May 18, 2012
By Joel Moskowitz
This past week’s announcement that JP Morgan-Chase lost $2 billion in a faulty hedging strategy surprised no one. As is typical when this happens, an executive at the world’s largest bank fell on her sword and resigned and then the lobbyists and bank mouthpieces went to work explaining how this loss was not prevented by increased financial regulation, thus we should not use this incident to call for more regulation but for less.
Alternatively, President Obama’s declaration that he now supports gay marriage, an evolving position, while welcome by his base is seen as a desperate, transparent move to reenergize those who so enthusiastically supported him in 2008 but whom for the most part he has disappointed since. After three and a half years of trying to govern like Bill Clinton, Obama finally figured out he needs be the guy he sold us on in the last election.
Both Republicans and Democrats have done an equally stellar job at turning off everyone. No one really believes that the political class is interested in anything else but holding onto their positions of power. Republicans will have you believe that letting the Bush tax cuts, one of the largest transferences of wealth in history — expire, is a tax increase. The Democrats who run the Senate will have you think that they have an alternative to the Republican proposed budget, but they have yet to put one forward. In the meantime, we all know they lie and that for most of us things have not gotten better and it is 100 percent thanks to the politicians in Washington.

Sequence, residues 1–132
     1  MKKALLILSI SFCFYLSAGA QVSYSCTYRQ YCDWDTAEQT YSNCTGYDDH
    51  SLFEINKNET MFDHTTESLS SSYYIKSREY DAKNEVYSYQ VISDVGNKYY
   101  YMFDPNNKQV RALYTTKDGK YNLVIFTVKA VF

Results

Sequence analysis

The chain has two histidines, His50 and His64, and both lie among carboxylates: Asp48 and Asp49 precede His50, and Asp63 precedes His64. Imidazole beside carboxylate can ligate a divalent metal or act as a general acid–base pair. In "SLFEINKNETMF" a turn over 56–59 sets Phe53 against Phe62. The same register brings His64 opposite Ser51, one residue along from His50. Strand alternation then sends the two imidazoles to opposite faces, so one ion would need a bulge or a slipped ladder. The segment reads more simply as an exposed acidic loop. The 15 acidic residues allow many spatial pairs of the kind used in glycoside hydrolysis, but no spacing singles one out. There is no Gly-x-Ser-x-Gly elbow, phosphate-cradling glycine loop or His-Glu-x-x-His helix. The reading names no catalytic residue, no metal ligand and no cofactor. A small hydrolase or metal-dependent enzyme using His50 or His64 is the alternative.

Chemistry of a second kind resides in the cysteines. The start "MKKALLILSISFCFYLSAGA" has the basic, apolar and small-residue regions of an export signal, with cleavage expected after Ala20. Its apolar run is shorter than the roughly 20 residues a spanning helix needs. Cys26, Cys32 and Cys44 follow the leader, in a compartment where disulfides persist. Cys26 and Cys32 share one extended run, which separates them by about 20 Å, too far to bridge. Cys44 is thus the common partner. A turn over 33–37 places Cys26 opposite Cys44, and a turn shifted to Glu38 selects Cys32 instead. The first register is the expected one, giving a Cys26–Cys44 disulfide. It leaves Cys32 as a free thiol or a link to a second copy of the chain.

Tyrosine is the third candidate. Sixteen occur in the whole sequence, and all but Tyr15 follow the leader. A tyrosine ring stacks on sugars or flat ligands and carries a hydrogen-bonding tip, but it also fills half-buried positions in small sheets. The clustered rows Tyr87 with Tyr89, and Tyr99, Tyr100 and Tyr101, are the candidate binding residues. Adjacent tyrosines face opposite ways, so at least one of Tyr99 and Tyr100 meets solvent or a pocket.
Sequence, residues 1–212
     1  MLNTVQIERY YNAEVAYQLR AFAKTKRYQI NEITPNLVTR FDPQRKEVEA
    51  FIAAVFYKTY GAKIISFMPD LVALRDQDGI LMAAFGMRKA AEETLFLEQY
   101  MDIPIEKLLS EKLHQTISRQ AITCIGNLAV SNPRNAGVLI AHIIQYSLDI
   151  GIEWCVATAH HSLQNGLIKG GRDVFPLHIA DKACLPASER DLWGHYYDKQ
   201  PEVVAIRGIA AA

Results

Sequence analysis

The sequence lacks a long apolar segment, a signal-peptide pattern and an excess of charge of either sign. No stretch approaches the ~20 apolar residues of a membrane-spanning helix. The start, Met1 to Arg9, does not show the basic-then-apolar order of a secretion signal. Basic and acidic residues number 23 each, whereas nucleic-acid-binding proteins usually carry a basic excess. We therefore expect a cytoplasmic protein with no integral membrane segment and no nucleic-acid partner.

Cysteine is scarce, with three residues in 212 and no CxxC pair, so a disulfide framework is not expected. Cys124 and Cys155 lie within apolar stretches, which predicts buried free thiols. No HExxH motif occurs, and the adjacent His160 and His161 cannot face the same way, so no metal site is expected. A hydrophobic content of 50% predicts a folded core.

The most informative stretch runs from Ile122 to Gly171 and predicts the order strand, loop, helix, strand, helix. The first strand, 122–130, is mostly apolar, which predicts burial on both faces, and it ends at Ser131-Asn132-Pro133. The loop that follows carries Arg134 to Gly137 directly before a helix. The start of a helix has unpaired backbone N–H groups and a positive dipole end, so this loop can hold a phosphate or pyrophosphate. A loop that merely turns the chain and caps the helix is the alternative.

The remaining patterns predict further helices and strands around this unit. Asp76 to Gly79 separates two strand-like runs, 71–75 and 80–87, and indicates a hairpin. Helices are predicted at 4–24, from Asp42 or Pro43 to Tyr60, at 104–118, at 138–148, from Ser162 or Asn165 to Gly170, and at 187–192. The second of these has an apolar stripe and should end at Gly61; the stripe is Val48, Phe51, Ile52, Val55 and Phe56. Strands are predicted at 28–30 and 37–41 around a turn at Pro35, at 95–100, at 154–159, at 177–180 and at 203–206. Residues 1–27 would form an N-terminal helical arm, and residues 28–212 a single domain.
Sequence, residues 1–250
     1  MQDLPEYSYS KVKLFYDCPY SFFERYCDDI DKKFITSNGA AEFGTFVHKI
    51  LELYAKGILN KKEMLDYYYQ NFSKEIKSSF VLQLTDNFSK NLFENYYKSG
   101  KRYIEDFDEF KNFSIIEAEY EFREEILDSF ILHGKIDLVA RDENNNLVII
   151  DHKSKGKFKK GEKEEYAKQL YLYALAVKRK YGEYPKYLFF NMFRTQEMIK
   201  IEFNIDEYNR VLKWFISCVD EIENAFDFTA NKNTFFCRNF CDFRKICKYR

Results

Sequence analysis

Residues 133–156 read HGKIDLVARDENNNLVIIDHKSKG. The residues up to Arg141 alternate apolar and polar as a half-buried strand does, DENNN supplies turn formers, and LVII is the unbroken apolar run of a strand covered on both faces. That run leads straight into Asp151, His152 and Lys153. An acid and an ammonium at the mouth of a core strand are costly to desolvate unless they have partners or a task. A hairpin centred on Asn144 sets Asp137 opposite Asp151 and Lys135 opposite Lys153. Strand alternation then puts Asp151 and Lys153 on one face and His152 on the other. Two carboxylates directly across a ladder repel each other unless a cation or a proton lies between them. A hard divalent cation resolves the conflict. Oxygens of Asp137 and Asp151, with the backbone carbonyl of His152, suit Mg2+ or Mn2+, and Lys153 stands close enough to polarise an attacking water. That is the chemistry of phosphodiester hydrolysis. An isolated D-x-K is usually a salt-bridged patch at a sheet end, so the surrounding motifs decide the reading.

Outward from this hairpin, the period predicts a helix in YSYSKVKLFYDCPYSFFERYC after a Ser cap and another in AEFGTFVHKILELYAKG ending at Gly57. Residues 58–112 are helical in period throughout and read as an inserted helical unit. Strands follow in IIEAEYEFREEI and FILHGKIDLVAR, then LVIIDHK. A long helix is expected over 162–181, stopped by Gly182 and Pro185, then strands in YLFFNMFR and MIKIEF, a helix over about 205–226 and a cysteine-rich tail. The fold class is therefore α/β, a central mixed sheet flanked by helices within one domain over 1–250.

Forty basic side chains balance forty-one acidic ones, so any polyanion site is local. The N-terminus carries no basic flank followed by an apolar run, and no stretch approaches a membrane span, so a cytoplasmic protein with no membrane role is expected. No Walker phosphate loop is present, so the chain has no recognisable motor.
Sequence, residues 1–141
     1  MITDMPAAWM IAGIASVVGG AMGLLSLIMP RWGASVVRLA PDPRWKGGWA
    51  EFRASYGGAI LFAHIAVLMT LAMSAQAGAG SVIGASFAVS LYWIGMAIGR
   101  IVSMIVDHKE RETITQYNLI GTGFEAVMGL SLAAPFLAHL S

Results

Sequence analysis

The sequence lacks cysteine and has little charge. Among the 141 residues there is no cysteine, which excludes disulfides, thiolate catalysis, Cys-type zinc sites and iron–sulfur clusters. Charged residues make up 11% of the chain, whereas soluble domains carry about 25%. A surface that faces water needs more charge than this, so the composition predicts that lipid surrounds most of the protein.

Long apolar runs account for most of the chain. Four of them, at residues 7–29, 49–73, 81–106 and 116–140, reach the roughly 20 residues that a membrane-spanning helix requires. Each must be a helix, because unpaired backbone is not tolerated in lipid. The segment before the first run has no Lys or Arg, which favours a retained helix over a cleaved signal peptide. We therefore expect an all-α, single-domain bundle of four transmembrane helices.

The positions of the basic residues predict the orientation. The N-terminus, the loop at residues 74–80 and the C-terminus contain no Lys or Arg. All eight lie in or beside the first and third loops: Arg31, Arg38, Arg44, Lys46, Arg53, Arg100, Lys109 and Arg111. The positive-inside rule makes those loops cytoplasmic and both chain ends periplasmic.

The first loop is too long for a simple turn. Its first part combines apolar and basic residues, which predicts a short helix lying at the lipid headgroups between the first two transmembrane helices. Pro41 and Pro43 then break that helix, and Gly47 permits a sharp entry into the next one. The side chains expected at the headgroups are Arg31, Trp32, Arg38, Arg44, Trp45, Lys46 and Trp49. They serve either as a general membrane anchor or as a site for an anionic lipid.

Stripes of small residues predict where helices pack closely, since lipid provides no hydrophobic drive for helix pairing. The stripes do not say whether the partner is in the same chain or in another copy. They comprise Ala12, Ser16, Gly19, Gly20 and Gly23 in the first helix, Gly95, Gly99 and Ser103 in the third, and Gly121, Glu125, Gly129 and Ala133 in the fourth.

Obama supporters feel let down, not one indictment by the Justice Department for the massive fraud perpetrated by the banks in the lead up to the financial crisis. Republican voters, unenthusiastic about their presidential candidate, have let the Tea baggers take over the rest of the party perhaps ending their dream of winning back the Senate and perhaps even risking the majority they have in the house.
My sense is that a chastened Obama, pushed to the left in his reelection quest, will appeal more to the 99 percent than Romney. Romney will wink his eyes at moderates to remind them that he was, after all, Governor of Massachusetts, not Texas, but most feel that he has been hogtied by an evermore extreme rightwing party. Perhaps the most interesting thing about the upcoming election is how uninterested most people are in it. This apathy is borne out by the cynicism generated by the gridlock in the nation’s capital, a traffic jam not likely to be untangled by the next election, so why bother?
Either way it goes it seems for now to be a close race. I hope the winner takes a page from George W. Bush, who despite losing the popular vote in 2000, governed in his first term as if he received a Reagan like mandate. After all, to the winner go the spoils, right? This time around we will be less interested in ideology and more in who can get us out of this mess, or if we can get out of it at all.
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